Recently, directed by academician Zhuang Songlin, professor Peng Yan from Terahertz Technology Innovation Research Institute published a paper entitled Terahertz Imaging and Spectroscopy in Cancer Diagnostics: A Technical Review in journal BME Frontiers.
In cooperation with Science Partner Journal (SPJ), BME Frontiers was released by Science/AAAS and Suzhou Institute of Biomedical Engineering and Technology, Chinese Academy of Sciences. This research is reported by official Wechat of Science.
Terahertz (THz) waves are electromagnetic waves with frequency in the range from 0.1 to 10 THz . As THz waves are located between the microwave and infrared regions on the electromagnetic spectrum, they exhibit features of both regions: they are nonionizing, noninvasive, and phase-sensitive to polar substances, can be used for spectral finger printing, and coherent detection, and offer good resolution (up to 50 μm) and penetration capabilities . Based on these unique features, THz waves have potential applications in many fields [10–15]. In oncology, the nonionizing and noninvasive nature and good penetration capabilities of THz waves make them suitable to inspect tissue both in vivo and ex vivo with high accuracy while causing minimal harm. Furthermore, spectral fingerprinting with THz waves can enable qualitative and quantitative analysis of cancer biomarkers.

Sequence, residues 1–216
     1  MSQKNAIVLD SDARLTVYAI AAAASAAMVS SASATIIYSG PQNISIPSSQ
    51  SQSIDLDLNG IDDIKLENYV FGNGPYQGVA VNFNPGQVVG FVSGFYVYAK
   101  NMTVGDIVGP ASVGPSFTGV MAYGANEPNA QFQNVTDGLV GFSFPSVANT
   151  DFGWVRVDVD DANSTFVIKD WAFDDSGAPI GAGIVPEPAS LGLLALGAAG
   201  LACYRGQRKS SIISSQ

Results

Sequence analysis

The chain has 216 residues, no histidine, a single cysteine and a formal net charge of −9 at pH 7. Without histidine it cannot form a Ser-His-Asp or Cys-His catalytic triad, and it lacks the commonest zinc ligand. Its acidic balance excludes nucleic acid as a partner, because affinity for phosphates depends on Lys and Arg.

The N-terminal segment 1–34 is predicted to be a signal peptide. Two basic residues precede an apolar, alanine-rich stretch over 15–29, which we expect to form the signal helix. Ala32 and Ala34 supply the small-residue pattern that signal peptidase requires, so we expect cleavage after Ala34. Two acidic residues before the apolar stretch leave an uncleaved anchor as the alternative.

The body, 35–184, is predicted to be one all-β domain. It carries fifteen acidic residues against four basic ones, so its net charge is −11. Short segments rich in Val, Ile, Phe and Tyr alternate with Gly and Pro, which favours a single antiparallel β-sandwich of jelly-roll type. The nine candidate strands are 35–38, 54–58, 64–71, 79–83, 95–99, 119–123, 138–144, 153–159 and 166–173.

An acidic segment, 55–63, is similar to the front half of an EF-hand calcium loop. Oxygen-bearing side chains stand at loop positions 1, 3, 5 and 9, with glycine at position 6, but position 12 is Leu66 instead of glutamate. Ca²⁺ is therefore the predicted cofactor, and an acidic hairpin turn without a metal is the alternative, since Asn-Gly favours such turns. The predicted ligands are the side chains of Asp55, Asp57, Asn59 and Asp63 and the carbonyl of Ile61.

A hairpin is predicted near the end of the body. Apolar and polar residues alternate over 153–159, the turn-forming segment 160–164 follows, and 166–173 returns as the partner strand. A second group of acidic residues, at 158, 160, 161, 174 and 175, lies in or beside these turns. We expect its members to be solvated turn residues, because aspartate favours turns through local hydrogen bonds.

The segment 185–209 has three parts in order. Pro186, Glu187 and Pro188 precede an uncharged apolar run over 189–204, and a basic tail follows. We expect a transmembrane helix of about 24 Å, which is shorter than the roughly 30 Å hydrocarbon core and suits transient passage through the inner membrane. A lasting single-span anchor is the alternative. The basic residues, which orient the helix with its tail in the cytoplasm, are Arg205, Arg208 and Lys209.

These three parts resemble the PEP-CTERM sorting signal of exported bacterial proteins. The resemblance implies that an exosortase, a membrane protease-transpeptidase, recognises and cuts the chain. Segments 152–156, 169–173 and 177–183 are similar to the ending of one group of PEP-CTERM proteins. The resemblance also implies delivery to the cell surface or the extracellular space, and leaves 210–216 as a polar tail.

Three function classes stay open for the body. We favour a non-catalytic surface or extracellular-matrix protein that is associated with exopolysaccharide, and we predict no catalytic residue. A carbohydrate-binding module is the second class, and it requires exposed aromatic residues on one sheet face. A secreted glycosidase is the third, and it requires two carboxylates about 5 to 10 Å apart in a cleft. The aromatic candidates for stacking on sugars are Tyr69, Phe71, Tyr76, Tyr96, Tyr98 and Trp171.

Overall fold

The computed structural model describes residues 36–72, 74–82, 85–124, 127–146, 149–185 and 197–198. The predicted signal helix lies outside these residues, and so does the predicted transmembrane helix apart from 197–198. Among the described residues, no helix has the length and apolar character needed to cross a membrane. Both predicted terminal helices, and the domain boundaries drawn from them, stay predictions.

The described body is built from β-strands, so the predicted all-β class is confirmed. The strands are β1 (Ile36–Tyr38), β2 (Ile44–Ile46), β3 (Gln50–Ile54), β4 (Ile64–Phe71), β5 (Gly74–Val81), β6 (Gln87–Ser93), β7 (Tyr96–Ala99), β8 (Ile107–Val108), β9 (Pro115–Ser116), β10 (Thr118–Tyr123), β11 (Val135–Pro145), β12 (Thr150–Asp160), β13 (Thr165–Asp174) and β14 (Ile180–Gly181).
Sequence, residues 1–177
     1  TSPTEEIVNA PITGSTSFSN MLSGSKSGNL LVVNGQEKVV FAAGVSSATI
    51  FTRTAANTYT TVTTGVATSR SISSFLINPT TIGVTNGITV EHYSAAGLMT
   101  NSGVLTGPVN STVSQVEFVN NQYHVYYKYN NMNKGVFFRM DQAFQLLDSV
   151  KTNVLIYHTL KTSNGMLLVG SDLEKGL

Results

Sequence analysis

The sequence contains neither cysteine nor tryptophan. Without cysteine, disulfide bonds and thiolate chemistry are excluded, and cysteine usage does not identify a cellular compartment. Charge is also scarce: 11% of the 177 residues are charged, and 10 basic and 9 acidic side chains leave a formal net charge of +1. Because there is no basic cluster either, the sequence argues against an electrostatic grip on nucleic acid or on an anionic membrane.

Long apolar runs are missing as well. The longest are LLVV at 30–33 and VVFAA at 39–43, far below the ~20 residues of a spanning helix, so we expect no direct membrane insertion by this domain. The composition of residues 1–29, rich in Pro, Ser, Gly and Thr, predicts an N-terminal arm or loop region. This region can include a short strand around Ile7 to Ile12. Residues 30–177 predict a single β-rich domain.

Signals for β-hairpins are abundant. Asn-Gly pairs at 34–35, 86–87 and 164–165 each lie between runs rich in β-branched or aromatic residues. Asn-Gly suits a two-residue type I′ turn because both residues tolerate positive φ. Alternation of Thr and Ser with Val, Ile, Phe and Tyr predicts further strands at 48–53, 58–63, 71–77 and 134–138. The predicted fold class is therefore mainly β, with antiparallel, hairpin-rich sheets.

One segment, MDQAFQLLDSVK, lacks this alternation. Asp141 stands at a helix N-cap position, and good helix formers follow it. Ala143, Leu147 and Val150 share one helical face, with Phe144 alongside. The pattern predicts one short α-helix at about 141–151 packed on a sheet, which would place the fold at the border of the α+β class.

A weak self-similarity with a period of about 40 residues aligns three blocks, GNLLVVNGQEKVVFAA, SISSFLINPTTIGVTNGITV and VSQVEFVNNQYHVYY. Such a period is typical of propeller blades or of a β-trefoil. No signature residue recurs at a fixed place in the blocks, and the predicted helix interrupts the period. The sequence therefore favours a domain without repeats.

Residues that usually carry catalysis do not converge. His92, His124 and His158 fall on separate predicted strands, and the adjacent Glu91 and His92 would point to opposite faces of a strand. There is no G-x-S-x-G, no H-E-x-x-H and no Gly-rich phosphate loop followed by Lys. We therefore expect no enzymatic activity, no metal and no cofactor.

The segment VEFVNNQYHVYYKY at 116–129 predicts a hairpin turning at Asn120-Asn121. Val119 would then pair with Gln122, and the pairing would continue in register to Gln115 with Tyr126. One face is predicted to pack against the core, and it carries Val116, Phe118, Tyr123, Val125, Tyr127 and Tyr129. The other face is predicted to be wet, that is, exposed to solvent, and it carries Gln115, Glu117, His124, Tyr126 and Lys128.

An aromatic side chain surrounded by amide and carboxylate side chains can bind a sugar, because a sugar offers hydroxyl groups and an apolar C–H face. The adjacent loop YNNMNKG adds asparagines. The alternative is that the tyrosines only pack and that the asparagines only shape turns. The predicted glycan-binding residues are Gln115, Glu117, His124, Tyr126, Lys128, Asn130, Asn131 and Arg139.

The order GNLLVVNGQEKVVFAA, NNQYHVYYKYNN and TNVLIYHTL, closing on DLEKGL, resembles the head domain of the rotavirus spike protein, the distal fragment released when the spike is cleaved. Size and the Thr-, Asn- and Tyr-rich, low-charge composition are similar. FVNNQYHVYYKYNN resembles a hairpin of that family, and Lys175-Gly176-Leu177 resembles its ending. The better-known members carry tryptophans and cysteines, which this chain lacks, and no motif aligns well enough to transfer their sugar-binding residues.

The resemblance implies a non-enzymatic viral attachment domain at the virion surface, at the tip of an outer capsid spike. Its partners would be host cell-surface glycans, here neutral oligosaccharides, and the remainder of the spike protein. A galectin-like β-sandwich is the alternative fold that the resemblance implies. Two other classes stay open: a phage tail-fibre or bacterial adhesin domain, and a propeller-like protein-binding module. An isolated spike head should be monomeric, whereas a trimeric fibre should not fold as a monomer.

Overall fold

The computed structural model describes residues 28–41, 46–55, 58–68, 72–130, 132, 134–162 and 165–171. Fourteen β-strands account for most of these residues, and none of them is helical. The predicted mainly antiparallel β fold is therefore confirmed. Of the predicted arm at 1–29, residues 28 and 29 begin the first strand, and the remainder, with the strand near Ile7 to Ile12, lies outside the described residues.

Schematic illustration of the handheld TPI probe system (from Ref. ).
In this paper, the project team summarizes recent studies of THz imaging and spectroscopy in cancer diagnosis from the past 5 years. They also present auxiliary methods to improve the SNR or enhance the THz signal. These works demonstrate the promise of using THz technologies for cancer diagnosis.
Because the changes in biomarker concentration intensify with the development of cancer, the quantitative analysis of biomarker concentrations can help with cancer staging. Various regression algorithms have been used to realize quantitative biomarker analysis. In 2018, Peng et al. reported a method to analyze the main substances in human brain tissue cells, including γ-aminobutyric acid, L-glutamic acid, D-myo-inositol, creatine monohydrate, cholesterol, noradrenaline, and N-acetylaspartate. When cancer occurs, the concentrations ofnoradrenaline and N-acetylaspartate will increase and decrease, respectively.
Future developments of THz technologies for cancer diagnosis include combining THz imaging with THz spectral fingerprinting of biomarkers to realize qualitative identification and quantitative analysis simultaneously. To achieve this objective, further improvements in THz systems and auxiliary methods are needed.
Link to the paper: https://spj.sciencemag.org/journals/bmef/2020/2547609
Source from School of Optical-electrical and Computer Engineering